As with other hypertrophy training methods – discussed in our blogs on Hypertrophy Training, Escalating Density Training, German Volume Training, Peripheral Heart Action Training and Drop Sets – Matrix 21s are designed to increase muscle size.
Considered “old school” by many personal trainers and bodybuilders, Matrix 21s are nonetheless an effective training method, with variations introduced over the years to bring them up to date with newer training techniques.
WHAT ARE MATRIX 21S?
Also known as 21s or partials, Matrix 21s comprise a single set of exercises targeting a particular muscle or muscle group using three phases of motion – an outer, inner and full range.
The 21 in the name refers to the number of reps, which are split into 3 x 7 reps for the three ranges of motion (ROM).
The process is as follows:
- 7 reps in the outer half of your range of movement
- 7 reps in the inner half of your range of movement
- 7 reps in your full range of movement
The 21 reps are carried out one after another and then followed by a rest of 60 to 90 seconds.
Most gym goers will be familiar with using Matrix 21s for bicep curls but fitness professionals will be able to advise on a range of other exercises that can be carried out using this formula.
HOW DO MATRIX 21S WORK?
This exercise format works by training muscles in a different way from usual, with concentric (shortening muscle exercises), eccentric (when a muscle lengthens) and full-range reps all combined in one exercise (see our blog on: Contraction types and how a personal trainer can use them).
Increasing the amount of time under tension, particularly in the final full-range seven reps, helps to shock the system, work the muscle and build muscle mass.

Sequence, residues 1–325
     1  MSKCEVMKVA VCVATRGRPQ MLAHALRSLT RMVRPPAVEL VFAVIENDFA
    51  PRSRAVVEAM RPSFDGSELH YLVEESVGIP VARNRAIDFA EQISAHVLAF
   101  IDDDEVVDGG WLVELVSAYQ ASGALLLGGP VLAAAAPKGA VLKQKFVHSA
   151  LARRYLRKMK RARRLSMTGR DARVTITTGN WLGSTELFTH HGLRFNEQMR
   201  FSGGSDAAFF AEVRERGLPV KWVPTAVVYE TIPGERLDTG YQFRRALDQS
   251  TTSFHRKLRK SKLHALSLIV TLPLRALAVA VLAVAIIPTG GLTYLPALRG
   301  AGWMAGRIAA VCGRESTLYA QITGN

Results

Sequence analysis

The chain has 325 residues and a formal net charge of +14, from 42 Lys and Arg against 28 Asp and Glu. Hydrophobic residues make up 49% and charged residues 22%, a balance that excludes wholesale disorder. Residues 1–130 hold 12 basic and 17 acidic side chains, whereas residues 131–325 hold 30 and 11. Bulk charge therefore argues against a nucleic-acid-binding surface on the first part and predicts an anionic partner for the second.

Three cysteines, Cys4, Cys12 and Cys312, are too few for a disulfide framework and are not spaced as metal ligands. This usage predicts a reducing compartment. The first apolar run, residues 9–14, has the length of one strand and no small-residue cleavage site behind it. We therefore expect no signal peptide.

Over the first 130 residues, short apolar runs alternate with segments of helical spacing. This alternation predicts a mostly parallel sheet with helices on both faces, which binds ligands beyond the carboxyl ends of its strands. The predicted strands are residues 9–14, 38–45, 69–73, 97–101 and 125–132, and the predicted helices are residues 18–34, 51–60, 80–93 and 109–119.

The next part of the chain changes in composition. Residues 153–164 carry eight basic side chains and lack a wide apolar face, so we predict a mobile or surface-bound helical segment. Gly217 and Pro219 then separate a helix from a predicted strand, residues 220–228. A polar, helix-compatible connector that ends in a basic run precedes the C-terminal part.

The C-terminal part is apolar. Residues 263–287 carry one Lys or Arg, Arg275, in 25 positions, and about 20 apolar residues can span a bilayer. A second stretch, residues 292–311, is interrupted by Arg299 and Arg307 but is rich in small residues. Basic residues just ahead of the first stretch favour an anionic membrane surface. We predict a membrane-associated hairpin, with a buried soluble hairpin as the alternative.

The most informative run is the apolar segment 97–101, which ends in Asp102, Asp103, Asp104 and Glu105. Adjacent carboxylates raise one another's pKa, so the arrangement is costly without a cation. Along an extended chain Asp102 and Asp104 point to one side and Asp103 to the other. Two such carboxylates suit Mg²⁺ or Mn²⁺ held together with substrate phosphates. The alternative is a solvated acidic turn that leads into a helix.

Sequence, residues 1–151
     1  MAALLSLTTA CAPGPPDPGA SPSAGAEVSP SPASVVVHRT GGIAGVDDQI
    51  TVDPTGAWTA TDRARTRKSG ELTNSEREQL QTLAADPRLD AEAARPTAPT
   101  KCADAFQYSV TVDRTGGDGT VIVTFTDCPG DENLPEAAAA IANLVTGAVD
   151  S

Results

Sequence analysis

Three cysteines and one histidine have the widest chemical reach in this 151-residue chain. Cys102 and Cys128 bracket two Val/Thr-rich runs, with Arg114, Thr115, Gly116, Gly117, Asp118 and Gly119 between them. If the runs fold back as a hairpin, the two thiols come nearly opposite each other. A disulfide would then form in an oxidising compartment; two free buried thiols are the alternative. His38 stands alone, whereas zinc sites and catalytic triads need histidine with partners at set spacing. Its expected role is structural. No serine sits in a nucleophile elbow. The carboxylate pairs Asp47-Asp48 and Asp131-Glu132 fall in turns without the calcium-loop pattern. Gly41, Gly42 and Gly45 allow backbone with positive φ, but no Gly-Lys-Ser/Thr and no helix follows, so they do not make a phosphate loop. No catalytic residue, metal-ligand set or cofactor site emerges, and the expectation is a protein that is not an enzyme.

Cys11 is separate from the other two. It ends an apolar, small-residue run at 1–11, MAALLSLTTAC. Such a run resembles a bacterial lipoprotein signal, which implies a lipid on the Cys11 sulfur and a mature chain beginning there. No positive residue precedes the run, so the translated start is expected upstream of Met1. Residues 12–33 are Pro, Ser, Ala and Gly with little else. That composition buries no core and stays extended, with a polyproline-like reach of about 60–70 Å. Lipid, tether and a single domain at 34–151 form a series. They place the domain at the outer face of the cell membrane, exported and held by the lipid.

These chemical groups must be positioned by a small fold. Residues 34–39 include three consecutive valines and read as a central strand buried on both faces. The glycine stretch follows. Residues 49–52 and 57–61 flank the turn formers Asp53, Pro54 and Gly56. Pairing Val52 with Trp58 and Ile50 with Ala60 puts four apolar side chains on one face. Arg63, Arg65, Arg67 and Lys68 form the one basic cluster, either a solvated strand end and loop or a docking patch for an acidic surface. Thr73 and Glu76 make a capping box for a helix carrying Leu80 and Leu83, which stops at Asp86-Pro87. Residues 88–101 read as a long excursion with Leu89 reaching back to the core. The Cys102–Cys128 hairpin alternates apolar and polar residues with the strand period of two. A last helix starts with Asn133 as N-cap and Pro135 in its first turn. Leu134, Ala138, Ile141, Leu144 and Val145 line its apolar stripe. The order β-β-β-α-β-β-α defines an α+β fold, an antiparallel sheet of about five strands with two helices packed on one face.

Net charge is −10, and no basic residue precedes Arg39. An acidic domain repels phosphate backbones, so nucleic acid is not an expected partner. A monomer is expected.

WHAT VARIATIONS CAN BE APPLIED TO THIS EXERCISE?
One option is to play around with the number of reps, another is to vary the range of motion involved.
In recent years, it has been suggested that you should carry out more reps in the middle section of the set. This is related to the length-tension relationship or curve. Eccentric training, where the muscle lengthens, is believed to increase the isometric force exerted by the muscle, bringing more effective results.
WHAT SORT OF EXERCISES CAN MATRIX 21S BE APPLIED TO?
As the basis of Matrix 21s is to overload the muscle, there is no reason they can’t be applied to a range of exercises beyond the traditional bicep curl associated with this form of exercise.
Some of the other exercises suited to Matrix 21s training are:
- Dumbbell shoulder press
- Bent over row
- Lateral raise, lateral pull down
- Chest press
- Cable cross-over
- Leg extension
Matrix 21s are used by many to achieve muscle tone and gain. As the system is more about technique than heavy weights, the user is less likely to injure themselves than they might be with some other strength training methods, especially if they are training under the eye of a personal trainer or fitness instructor.
This means that Matrix 21s can be used by a wide range of gym goers of different ages and abilities, including – when properly supervised – as a tool for rehabilitation after an accident or injury.